Monday, December 17, 2012

Social Narratives of Violence and Mental Health

The tragic mass killing at Sandy Hook Elementary School in Newtown Connecticut is both heartbreaking and disturbing. We all ache and share the trauma of this unthinkable event. In the shock and grief, we are filled with questions. Some questions seek facts – what happened? Some questions seek the Divine – where was God? Some questions seek understanding – why did this happen?

In times of such pain and uncertainty we want answers sooner rather than later. We hope that perhaps answers will provide a little balm for the soul-wound we all feel. In our urgency to know, we run the risk of being satisfied with simple and incomplete answers.

Mental illness such a personality disorder and neurocognitive disorders such as Aspergers Syndrome (an Autism Spectrum Disorder) have been discussed extensively in media accounts of the Sandy Hook tragedy. In less formal conversations I have heard people defaulting to saying, “he was crazy.” It understandable to default to mental health answers in our urgency for the relief answers to impossible questions can provide, but we must also consider how these mental health social narratives impact the vast majority of people with mental illness or neurocognitive disorders who are not violent.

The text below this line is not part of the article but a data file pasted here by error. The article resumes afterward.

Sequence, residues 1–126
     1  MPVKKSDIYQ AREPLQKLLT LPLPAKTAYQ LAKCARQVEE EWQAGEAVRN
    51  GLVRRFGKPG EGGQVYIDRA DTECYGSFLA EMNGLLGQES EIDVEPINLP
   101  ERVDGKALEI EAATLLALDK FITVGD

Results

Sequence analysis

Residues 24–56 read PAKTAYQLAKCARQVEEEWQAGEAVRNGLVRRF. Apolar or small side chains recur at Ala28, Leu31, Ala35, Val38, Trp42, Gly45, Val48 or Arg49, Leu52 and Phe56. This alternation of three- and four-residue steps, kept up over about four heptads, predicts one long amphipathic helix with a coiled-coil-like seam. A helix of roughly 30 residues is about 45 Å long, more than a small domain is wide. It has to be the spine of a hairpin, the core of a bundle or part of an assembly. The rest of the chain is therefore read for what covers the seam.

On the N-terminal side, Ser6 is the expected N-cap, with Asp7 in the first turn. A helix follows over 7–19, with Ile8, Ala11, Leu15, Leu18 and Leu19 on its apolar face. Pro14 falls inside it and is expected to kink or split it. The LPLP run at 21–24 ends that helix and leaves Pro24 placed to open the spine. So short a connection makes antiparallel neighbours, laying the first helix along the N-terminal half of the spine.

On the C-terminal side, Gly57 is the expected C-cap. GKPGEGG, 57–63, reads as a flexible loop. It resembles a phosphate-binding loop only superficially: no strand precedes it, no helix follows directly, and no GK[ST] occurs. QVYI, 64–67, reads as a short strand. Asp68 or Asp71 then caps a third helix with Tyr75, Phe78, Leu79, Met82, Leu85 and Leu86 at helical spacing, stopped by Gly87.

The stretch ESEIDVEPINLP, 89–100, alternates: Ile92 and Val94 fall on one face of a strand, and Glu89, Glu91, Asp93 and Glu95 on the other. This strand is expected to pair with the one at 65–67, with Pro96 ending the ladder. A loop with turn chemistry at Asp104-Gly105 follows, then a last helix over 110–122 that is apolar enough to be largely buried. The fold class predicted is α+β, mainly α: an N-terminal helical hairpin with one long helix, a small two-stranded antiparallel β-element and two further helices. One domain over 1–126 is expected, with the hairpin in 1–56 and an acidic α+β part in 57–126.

If we arrive at the simple conclusion that “he was crazy” or had a mental illness and go no further in our thinking or understanding, then what we have done is to situate anyone with a mental illness as potentially or likely dangerous. It will result in the social construction of stigma creating an environment ripe for discrimination, dismissal, and violence against people who fight daily against mental illness.

In order to help with the conversation about the intersection of violence and mental health, here are some facts:

· "…the vast majority of people who are violent do not suffer from mental illnesses”

(American Psychiatric Association, 1994)

· “People with mental illness are much more likely to be the victim of violence than the perpetrator.” (World Psychiatry. 2003 June; 2(2): 121–124)

In short, people who struggle against mental illness are not to be feared, but rather protected and advocated for. Here are a few tips on helping the conversation of mental health and violence.

1. Avoid simple answers that serve only to soothe our own anxieties, but do little by way of helping.

2. Put unhelpful words like “crazy” out of the social narratives of mass violence.

3. Engage in activities, organizations, and relationships in such a way that promotes the mental, emotional, social, and spiritual health of yourself and everyone around you.

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